It’s like a scene from a fairy tale. Flowers in every direction, stretching as far as the eye can see.
That’s what hiking through Walker Canyon is like during a rare wild flower super bloom.
The short-lived explosion of wild flowers is truly a sight to see. Lasting only a few weeks at a time, and sometimes only once or twice every 10 years, flowers cover just about every inch of green space in the canyon. Mostly made of orange poppies, there’s some areas of bright yellow and deep purple mixed in.
As you can imagine, the insane natural beauty attracts a crowd. Hiking Walker Canyon is normally not a big deal. During a super bloom, however, it’s a different story.
The crowds can be so large that they become overwhelming, especially on the weekends. Parking is a nightmare.
Try to go on a weekday if possible and know that 80 percent of the crowd aren’t hikers and won’t go more than a little ways up the trail. Once you get past a mile, the crowds evaporate and the incredible scenery can be enjoyed without the bedlam.
The Walker Canyon hiking area is in Temescal Hills near Lake Elsinore, California. There are a pair of trail heads accessed from Walker Canyon Road along Interstate 15. It gets crowded mainly because it’s the best super bloom area that’s closest to Los Angeles and Orange counties.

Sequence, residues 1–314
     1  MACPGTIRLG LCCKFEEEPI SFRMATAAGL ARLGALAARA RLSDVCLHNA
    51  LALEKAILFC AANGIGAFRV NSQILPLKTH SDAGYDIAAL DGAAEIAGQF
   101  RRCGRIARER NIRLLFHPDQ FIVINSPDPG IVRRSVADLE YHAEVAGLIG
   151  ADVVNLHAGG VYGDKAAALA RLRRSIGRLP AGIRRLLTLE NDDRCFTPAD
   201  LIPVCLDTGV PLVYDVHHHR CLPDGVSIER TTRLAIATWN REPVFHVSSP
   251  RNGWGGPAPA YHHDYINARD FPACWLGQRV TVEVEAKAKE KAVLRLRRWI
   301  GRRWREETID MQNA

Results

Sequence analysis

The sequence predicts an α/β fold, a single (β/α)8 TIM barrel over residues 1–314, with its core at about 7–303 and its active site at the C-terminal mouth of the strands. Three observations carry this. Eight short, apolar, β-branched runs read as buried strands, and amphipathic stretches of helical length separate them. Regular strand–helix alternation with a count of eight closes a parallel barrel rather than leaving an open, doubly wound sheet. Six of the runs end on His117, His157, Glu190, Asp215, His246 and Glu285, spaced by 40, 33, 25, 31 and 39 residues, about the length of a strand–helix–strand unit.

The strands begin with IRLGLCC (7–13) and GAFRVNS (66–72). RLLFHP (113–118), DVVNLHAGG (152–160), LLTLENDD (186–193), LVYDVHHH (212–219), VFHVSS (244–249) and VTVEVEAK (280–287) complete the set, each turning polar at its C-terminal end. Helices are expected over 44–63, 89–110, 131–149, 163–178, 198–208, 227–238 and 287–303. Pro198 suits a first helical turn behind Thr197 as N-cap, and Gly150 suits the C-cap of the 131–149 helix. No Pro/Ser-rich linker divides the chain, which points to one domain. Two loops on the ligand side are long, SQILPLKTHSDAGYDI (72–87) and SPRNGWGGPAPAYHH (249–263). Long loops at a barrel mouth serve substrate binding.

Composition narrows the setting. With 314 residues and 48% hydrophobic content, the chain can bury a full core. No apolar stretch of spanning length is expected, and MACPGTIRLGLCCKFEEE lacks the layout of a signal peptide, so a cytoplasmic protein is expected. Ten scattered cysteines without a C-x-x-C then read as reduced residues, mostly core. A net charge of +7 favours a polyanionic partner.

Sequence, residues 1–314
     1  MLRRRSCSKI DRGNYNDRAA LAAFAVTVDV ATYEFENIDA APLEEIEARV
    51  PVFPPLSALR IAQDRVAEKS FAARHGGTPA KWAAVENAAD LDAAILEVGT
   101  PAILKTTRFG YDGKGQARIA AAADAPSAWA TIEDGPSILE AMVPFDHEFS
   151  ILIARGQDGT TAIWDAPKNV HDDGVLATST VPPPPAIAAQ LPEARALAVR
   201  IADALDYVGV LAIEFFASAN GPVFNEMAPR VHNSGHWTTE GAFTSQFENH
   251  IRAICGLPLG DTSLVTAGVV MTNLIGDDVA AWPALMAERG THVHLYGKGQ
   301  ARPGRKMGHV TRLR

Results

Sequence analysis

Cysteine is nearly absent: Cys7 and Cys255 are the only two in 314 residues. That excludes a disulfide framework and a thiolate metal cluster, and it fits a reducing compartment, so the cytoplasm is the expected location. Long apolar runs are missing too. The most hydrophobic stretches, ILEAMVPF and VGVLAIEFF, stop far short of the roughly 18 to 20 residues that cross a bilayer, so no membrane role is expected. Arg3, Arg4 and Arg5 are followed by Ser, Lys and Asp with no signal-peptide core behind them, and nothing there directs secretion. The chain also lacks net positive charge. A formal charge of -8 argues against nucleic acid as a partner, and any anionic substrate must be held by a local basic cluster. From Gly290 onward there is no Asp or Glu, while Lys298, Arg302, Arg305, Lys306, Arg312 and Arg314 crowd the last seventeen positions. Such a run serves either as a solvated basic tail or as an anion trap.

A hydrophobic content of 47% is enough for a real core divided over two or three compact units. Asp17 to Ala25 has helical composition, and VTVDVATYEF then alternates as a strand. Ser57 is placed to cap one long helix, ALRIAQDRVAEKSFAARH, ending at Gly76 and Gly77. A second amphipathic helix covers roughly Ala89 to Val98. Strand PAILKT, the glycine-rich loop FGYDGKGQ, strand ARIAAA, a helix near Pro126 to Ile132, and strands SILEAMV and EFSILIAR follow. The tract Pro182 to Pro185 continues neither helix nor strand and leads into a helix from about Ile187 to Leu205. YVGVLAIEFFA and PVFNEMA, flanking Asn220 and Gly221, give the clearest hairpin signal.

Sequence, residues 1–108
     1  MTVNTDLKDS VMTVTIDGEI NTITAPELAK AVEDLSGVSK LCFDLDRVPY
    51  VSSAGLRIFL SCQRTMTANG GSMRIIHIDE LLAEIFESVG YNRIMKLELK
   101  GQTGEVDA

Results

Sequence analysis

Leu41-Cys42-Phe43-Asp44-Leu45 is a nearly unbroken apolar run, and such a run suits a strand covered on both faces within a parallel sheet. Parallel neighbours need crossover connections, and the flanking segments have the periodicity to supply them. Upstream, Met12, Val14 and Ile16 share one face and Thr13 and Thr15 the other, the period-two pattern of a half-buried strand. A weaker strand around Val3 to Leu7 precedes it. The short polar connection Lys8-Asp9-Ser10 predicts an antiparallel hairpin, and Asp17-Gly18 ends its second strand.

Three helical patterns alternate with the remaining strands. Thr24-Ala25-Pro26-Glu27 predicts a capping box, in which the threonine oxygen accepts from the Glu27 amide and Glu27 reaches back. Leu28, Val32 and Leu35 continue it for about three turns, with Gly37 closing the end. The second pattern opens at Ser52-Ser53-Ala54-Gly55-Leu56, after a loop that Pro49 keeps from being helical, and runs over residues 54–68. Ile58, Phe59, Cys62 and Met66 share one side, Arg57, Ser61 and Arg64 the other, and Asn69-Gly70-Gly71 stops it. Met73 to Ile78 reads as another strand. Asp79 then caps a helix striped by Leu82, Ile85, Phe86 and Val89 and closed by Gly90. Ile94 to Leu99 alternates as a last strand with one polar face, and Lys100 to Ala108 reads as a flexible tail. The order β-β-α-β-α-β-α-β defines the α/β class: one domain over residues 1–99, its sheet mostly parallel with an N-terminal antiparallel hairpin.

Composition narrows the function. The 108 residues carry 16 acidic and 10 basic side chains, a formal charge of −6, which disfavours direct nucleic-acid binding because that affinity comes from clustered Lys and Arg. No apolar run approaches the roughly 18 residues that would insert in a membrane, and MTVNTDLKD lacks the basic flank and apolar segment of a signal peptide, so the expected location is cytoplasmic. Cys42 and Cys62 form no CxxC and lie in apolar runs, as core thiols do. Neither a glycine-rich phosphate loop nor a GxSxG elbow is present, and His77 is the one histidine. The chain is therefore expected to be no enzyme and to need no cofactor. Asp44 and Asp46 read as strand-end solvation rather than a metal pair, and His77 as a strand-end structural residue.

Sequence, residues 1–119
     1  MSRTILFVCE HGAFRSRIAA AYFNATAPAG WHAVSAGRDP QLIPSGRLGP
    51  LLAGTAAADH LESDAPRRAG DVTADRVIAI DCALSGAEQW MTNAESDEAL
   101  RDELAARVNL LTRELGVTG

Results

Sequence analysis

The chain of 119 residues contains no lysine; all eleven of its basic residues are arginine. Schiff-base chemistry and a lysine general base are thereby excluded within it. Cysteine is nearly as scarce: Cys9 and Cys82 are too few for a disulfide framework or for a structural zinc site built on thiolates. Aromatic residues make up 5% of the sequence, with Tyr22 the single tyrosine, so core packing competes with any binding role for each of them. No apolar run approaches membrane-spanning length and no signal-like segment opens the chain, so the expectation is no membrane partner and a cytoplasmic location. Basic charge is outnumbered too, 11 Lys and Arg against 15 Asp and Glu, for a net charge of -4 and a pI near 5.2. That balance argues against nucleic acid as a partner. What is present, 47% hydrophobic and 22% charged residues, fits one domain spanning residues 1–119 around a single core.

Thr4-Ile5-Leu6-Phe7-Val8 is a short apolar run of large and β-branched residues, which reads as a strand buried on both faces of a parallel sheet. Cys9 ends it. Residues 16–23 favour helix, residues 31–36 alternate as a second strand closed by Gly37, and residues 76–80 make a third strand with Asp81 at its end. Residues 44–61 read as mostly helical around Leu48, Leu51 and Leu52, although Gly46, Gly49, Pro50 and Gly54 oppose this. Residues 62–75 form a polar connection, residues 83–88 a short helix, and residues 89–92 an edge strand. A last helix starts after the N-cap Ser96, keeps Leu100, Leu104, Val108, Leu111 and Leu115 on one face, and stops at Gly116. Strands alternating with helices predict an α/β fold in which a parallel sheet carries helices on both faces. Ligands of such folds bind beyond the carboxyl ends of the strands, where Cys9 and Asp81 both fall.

A police officer stationed at the trailhead estimated 20,000 visitors would come on a weekend day at the height of the bloom.
Other well-known super bloom locations, like Anza-Borrego Desert State Park, Death Valley National Park, and Carrizo Plain National Monument, are further away from population centers. They, too, experience larger-than-normal crowds during super blooms, just not at the scale of Walker Canyon.
Walker Canyon’s main trail is a fire road that gradually climbs into a hilly bowl with trails off-shooting to various ridgelines and hill tops. There is no shade, making summer hikes uncomfortable in the heat. Officially the trail is a 3.5-mile there-and-back, but the trail network through the Temescal Mountains is extensive and longer routes can be found.
On the other side of Interstate 15, to the west towards the ocean, is Cleveland National Forest.